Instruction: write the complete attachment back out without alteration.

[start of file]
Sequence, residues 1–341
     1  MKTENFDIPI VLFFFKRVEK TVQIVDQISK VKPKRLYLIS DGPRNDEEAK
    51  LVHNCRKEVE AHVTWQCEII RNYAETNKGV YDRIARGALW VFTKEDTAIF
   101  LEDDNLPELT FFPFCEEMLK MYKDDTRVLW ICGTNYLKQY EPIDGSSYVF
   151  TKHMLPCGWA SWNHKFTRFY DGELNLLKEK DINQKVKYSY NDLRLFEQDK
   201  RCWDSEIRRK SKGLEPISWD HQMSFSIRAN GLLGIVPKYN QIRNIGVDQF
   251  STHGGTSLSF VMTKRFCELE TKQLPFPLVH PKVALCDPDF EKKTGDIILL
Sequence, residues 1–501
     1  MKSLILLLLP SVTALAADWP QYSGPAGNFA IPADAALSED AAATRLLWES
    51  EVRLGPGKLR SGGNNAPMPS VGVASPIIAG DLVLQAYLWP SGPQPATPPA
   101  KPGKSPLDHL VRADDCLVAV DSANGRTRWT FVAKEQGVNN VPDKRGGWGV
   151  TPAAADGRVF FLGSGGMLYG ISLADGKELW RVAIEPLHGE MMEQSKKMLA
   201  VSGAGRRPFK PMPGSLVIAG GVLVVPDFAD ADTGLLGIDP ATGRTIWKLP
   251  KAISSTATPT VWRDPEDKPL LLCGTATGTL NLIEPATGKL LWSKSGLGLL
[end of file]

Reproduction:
Sequence, residues 1–341
     1  MKTENFDIPI VLFFFKRVEK TVQIVDQISK VKPKRLYLIS DGPRNDEEAK
    51  LVHNCRKEVE AHVTWQCEII RNYAETNKGV YDRIARGALW VFTKEDTAIF
   101  LEDDNLPELT FFPFCEEMLK MYKDDTRVLW ICGTNYLKQY EPIDGSSYVF
   151  TKHMLPCGWA SWNHKFTRFY DGELNLLKEK DINQKVKYSY NDLRLFEQDK
   201  RCWDSEIRRK SKGLEPISWD HQMSFSIRAN GLLGIVPKYN QIRNIGVDQF
   251  STHGGTSLSF VMTKRFCELE TKQLPFPLVH PKVALCDPDF EKKTGDIILL
Sequence, residues 1–501
     1  MKSLILLLLP SVTALAADWP QYSGPAGNFA IPADAALSED AAATRLLWES
    51  EVRLGPGKLR SGGNNAPMPS VGVASPIIAG DLVLQAYLWP SGPQPATPPA
   101  KPGKSPLDHL VRADDCLVAV DSANGRTRWT FVAKEQGVNN VPDKRGGWGV
   151  TPAAADGRVF FLGSGGMLYG ISLADGKELW RVAIEPLHGE MMEQSKKMLA
   201  VSGAGRRPFK PMPGSLVIAG GVLVVPDFAD ADTGLLGIDP ATGRTIWKLP
   251  KAISSTATPT VWRDPEDKPL LLCGTATGTL NLIEPATGKL LWSKSGLGLL